And, of course, we had the obligatory pisco sour – a special treat anywhere in Peru or Chile (the two countries battle over who invented it!). I’m wondering when pisco is going to hit the NYC market!
Of food and markets
After the tour, Mitch and I went to the central market. (To note, when we say that most of the good stuff is up the hills… the port, market, supermarkets, clubs, and banks are all down the hill.) The market is lovely, well-stocked, and vibrant, and of course, much better priced than the supermarket.
The upstairs of the market has a ton of restaurants, where we ate lunch and shared the “jardin de mariscos” (“seafood garden”), which meant that for $16 USD, we stuffed ourselves silly with shellfish, then had a little digestif that tasted vaguely of butterscotch.
We didn’t eat out all that much, but we were pleased as punch with a little boulangerie up the hill from our hostel, which has a multi-cultural empanada situation – spinach and blue cheese in a big phyllo pastry triangle. We also had a great lunch one day with a ceviche and an amazing corn-quiche (pastel de choclo, or literally corn cake) thing.
Mandatory stop at the 80’s gay club… plus a sweet tie
After dinner, we went out for an 80’s dance party at a gay-friendly club called Mascara. We got there at 12:15am, so the party had yet to get bumping. Across South America, nightlife seems to get going well past midnight, often not until 2am. Thus, our travel schedule hasn’t allowed for much nightlife – but the time change and sunlight in Chile are keeping us energized much later!
There were 80’s music videos, a bad sound system, and a ton of really enthusiastic Chileans. (The Latin dance hips may have escaped Chile, and with the Pinochet history, apparently culture here is just getting around to the 80’s. So we saw signs for an upcoming Megadeth concert in Santiago and various 80’s music trends are all the rage.) We met a fabulous gay couple who seemed high on E and loved Mitch, and a lesbian couple who loved us both, screamed with excitement for every song and insisted on giving Mitch a tie when he complimented one of the girls on her style. (It is a really sweet Nightmare Before Christmas tie – although we intended to just offer a compliment, not take her tie!)
Sum total: Chileans are super excited and super friendly, even if we can’t entirely understand their Spanish accents or their English accents (especially in a loud club).
Around town – Art, Art, Art
The next day, we packed up and took a walk to La Sebastiana, the Pablo Neruda house. En route, we saw great art and city views as well as an exercise park that was adorable and fun. La Sebastiana had quite a wait, so we decided to not go inside (we had also heard zero positive reviews of the tours of the inside).
We walked down to the Museo a Cielo Abierto (the open sky museum), where a bunch of the first street murals are mapped and have placards. The art there isn’t as good as the epic murals on the buildings now, but it was exciting to see 20-year-old murals! (For the most part, muralled walls get respected by graffiti taggers, so buildings invite artists to create murals all over the place.) And, it is awesome to legitimize early street art in this way. For fun and the sake of art, some of the placards have been painted over – street artists are street artists!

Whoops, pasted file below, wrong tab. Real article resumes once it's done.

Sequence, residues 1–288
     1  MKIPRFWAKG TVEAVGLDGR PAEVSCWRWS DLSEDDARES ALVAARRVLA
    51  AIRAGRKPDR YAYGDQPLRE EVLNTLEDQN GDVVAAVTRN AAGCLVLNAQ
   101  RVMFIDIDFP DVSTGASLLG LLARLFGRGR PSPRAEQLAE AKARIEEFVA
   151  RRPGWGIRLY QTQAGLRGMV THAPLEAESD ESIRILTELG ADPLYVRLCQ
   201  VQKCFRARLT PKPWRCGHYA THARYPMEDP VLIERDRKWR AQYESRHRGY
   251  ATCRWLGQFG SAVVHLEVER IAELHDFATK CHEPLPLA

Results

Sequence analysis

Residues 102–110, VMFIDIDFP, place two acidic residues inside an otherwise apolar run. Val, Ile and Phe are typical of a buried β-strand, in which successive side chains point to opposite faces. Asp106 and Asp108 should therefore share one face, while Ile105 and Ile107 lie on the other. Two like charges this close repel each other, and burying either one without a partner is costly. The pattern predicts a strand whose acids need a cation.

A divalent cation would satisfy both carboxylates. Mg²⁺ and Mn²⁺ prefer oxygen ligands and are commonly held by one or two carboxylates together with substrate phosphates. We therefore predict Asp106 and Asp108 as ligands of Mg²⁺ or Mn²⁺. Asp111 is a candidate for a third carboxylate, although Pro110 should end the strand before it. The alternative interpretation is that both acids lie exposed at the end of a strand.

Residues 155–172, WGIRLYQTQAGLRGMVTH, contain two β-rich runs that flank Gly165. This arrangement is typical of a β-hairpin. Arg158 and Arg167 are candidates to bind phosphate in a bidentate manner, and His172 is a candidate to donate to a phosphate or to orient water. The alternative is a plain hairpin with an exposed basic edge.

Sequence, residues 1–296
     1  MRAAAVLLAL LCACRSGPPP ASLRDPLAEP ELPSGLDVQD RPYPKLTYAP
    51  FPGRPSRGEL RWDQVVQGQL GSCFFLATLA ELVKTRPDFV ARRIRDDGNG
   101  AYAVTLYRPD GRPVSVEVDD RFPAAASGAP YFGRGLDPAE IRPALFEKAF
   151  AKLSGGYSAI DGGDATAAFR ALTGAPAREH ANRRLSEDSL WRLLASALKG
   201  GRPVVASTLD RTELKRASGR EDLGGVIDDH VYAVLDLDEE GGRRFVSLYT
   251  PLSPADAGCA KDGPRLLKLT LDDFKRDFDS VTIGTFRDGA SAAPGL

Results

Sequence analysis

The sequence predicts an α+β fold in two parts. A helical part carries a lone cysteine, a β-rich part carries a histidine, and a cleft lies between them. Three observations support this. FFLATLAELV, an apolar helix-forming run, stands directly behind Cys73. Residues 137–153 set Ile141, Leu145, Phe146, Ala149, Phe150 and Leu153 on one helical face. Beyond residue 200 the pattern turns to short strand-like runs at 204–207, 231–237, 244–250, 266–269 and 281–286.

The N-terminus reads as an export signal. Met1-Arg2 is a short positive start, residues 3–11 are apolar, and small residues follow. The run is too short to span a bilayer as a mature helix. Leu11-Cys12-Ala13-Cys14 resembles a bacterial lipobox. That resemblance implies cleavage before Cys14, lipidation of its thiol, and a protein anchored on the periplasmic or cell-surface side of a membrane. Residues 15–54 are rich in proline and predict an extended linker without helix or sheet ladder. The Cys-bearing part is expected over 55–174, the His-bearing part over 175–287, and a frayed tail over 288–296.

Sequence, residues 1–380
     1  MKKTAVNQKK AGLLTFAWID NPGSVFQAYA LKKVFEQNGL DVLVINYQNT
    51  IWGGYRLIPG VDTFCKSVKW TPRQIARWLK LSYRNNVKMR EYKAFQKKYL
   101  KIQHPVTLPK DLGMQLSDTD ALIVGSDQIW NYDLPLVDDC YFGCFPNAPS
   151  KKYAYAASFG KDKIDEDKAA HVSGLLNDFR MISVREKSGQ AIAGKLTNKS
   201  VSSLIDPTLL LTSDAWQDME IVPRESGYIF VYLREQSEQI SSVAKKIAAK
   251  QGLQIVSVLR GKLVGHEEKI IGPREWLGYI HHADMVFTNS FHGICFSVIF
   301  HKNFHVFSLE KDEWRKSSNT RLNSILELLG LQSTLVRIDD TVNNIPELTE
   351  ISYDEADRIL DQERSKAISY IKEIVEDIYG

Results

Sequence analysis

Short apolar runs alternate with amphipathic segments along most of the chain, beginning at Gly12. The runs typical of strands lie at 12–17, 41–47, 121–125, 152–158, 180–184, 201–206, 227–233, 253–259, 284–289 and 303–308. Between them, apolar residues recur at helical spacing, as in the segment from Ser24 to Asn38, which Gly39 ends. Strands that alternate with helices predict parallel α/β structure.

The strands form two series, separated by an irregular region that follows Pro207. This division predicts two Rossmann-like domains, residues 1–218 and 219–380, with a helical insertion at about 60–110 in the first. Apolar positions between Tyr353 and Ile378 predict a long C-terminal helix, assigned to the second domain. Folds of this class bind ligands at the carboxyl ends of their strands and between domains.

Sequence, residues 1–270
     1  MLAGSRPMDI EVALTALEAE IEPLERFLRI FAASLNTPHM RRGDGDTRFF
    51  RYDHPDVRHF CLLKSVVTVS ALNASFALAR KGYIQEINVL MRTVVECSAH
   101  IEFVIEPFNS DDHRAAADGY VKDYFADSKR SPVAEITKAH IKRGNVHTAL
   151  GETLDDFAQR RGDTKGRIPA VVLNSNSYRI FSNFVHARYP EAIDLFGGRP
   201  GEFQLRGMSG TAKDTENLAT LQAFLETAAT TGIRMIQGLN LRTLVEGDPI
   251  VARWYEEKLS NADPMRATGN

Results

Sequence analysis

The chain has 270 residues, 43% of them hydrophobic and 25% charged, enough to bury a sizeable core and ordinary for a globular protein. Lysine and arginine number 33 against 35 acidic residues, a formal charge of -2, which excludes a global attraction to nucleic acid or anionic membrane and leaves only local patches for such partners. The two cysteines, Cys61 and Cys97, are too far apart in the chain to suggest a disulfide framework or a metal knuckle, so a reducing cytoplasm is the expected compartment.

We also took a trip to the Museo de Bellas Artes at the Palacio Baburizza, which is a fine arts collection in a crazy building. Some crazy immigrant who made it rich had the building constructed with some fancy tidbits like the very first hot shower in Latin America (so we are told), but had paranoia or some such and only actually lived in the basement. But he took frequent trips to collect fine art, and his collection is now the permanent collection of the museum. Most of the paintings didn’t really excite us, although there was a fantastic one of snow that was positively radiant. And the house itself made the visit totally worthwhile.
A fond farewell
After a few cloudy days (including the summer solstice on 21 Dec), the sun came out before we left the town and we were able to go out for one last walk around to see the beautiful architecture, urban layout, and street art. Then, we caught a city bus toward the bus station. The city bus was impressive – the driver managed to simultaneously make small talk as well as change (for different priced trips/tickets), while careening down hilly urban roads.
The 15 hour bus ride from Valparaiso to Puerto Montt was lovely and uneventful. When we had arrived in Valpo, we found out that there were only 3 seats left on the bus we wanted to get from there to Puerto Montt so we snatched up 2 of them (not a bad idea to buy in advance). They only had semicama buses, but the seats were comfy, there were pillows and blankets, 2 (repeat, 2) clean bathrooms (at least clean at the start of the journey), and even a morning snack. We had heard the Chilean buses were great – but it was still a very pleasant surprise!
Now, onward to the Lakes District. Our 4 days in Santiago and Valparaiso have given us a great taste for Chilean urban life, and we’d love to come back to explore more. But for now, nature beckons!
Valparaiso looks wonderful! It reminds me of Seattle as well as SF. How fabulous for you both to experience so many places this next year. I wonder which will be your favorite?? xoxo
Valparaiso is definitely on my list of places to go. Our mutual friend Nicolina from The Free Art Society organized the painting of a number of the elevators of Valparaiso (mis-categorized as graffiti in this article, but it gives some background to them: http://www.atlasobscura.com/places/elevators-of-valparaiso )
Happy Christmas to you both! Have just enjoyed catching up on your latest adventures and look forward to seeing your Antarctica photos!